Dobra tearoom

I’m in Madison, Wisconsin, and while I walked around town today, I came across a tea room. It’s called Dobra Tea. I never let a tea room go by without at least taking a peek, and since they looked pretty ok from the outside, I decided to check it out.

I ended up spending a little time there. Even though I was in a bit of a rush, I wanted to try some tea, as they looked rather well managed, with at least a few heads screwed on straight. That can’t always be said about other tea places in this country. When I asked if they do take out tea, their answer was “only loose leaf that you can bring home and brew yourself”. Great, that means no carry out cups…. I like places that don’t compromise too much.

So I plucked myself down for a gaiwan of shuixian.

The gaiwan they used was a little too large for shuixian for one person, but then, I should’ve specified for a smaller gaiwan. The use of the little heating thing for water is rather interesting. Underneath is a tea light, which, admittedly, gives off some heat, but I suspect it’s not really enough to keep the water very hot for very long. If you stick around for a while and take some time between brews, your water can cool substantially. I think that happened to the people sitting next to me, who were three people sharing one pot (in a largish yixing). Their water container was much larger than mine, and I think a little tea light really isn’t going to do much other than having a placebo effect of keeping the water warm.

It is also interesting becuase I flipped over the kettle to take a look inside. It is obvious that they are either using water of a very high mineral content, or, perhaps, that people let the water burn for a long time without using it. I am guessing the latter, because there is obvious scale buildup in the kettles, and there was mineral particles floating in the water itself. I am not personally opposed to it, although I wonder if they have actively thought about this issue or not and how it might or might not affect the teas they make. It’s fine if you’re making black or puerh or even shuixian, but I think this water isn’t so good for, say, green tea. Too heavy.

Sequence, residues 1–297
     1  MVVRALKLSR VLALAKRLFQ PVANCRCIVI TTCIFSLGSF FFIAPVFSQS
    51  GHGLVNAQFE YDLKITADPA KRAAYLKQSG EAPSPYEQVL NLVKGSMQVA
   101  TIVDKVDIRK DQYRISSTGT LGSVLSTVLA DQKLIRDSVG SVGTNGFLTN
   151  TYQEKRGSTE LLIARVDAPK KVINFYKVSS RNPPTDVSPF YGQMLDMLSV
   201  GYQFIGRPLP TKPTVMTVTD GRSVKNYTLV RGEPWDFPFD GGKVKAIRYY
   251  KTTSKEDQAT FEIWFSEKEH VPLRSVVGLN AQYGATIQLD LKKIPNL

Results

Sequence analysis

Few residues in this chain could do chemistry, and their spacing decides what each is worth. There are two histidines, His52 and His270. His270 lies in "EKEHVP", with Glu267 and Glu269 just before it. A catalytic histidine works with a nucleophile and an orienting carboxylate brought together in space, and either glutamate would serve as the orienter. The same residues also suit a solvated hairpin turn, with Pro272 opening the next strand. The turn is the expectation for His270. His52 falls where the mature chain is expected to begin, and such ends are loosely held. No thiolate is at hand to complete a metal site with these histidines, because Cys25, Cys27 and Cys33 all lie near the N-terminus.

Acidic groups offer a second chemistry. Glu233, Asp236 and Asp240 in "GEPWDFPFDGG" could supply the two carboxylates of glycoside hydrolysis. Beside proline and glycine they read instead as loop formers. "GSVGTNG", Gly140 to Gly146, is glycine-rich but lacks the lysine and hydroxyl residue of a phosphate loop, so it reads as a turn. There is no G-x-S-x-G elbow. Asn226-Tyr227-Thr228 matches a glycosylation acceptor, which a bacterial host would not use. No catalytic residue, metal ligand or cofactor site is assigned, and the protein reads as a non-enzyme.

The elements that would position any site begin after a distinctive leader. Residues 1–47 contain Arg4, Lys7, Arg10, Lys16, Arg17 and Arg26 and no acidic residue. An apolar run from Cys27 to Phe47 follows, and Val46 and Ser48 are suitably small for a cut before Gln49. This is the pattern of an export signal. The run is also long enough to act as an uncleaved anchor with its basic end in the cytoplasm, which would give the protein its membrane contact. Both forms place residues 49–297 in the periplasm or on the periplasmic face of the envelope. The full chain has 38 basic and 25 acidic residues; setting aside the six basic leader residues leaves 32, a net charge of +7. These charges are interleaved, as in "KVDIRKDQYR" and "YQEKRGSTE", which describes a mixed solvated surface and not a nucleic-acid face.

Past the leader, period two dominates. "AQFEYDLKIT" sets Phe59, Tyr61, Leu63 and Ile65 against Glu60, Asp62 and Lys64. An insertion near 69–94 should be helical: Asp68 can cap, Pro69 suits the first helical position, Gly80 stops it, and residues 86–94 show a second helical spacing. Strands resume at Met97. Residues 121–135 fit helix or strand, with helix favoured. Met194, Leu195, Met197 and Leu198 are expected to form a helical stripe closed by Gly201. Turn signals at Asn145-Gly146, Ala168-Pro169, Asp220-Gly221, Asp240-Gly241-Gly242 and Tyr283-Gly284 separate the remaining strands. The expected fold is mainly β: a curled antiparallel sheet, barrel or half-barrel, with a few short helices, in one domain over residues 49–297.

These things aside though, they are really minor complaints. A place that uses gaiwan to serve tea? That’s an achievement in itself. The shuixian wasn’t all that bad either — it’s not a top notch tea, but it’s serviceable, and had enough aftertaste to keep things interesting.

I did a little research after coming back to figure out who they are. Turns out they are a Czech company that franchises out. No smoking in the States, but they do water pipes in the Czech Republic. (Website here). Anybody know anything more about these guys? I know I have readers from the Czech Republic.


Dobra tearoom — 16 Comments

  1. Hey Sir!
    Just to let you know that actually the Czech Republic is probably the European country with the biggest amount of tea lovers (if one is excluding countries that have their own “tea culture”, if it deserves such a word…). Not anything close to China, but enough for companies to maintain a business without struggling too much. The fact that a local tea room managed to expand to the US is impressive though.
    And aside from this, if you even get the opportunity to visit, this is a magnificent country.